How great are you! You are doing a good job and you are working hard so now you think you deserve a raise….. good luck! I remember having a conversation with someone once who was being told they were not performing and that they needed to either deliver according to their job description or be terminated – their response was – “well I have been here 6 months and I want a raise” – SAY WHAT?! Quite honestly, I would have loved to have been a fly on the wall so that I could have seen the expression on my own face! Talk about a disconnect!
We had an employee who was offered a permanent job after having worked as a temp for quite a while. Their response was – “I will take the job but I want a raise of $3/hour.” When the client asked why, the employee said “I should get a raise because I have student loans” (huh?). Result – no raise – NO job!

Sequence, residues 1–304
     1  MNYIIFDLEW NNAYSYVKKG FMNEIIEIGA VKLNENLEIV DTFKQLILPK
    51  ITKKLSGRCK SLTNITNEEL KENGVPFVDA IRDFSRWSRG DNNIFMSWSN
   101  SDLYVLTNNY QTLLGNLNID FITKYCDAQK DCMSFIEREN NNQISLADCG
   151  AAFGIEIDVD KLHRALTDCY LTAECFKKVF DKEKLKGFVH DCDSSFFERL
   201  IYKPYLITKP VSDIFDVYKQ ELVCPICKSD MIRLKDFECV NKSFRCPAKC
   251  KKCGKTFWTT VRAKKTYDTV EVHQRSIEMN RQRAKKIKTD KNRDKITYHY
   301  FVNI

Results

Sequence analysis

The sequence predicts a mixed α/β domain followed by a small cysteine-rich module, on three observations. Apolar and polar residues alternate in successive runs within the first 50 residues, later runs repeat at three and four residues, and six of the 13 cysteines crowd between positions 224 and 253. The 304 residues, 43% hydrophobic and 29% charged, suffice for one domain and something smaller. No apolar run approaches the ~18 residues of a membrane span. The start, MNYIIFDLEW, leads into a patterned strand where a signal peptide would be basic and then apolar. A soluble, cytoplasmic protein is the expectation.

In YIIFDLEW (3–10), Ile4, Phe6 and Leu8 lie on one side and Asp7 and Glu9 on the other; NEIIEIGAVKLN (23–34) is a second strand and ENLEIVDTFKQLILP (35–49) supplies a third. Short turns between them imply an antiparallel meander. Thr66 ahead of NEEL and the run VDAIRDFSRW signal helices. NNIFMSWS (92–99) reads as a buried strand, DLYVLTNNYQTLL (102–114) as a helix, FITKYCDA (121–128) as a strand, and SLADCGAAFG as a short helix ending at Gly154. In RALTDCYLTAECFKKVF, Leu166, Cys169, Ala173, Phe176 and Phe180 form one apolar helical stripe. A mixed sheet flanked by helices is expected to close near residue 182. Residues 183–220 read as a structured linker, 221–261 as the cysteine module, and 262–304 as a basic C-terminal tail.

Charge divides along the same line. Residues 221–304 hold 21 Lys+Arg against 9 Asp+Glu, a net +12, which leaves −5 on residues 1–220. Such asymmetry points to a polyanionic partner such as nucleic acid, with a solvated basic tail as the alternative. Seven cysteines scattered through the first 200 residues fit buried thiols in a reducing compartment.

The other day I was having lunch with a lovely former client who is doing fabulously in their new position. They have taken on additional responsibility without being asked because they saw a need to add value to the organization and they felt they could really resolve major issues with this particular functional area. While we were chatting, my friend said they were going to ask for a raise at the end of the year. I thought that this was very fair. What I realized though, was this person did not know to add why they deserved a raise; they expected their boss to understand the extra effort they had made and grant the raise. While this is perfectly understandable, I think this individual is putting too much faith in the fact that their boss will understand why they should be given a raise. I think this strategy is a bit risky. What if the boss does not understand the real value of what they have been doing? I think a better way is for my friend to keep track of what changes they have made and how their taking on the additional responsibility has positively impacted the company’s financials. I told them that they needed to quantify in real numbers, their success and then explain to the boss prior to asking for the raise.
These days, companies are rethinking annual performance raises and bonuses, and they are focusing more and more on the value an individual brings. Make sure you have a good, solid, results based reason for asking for a raise.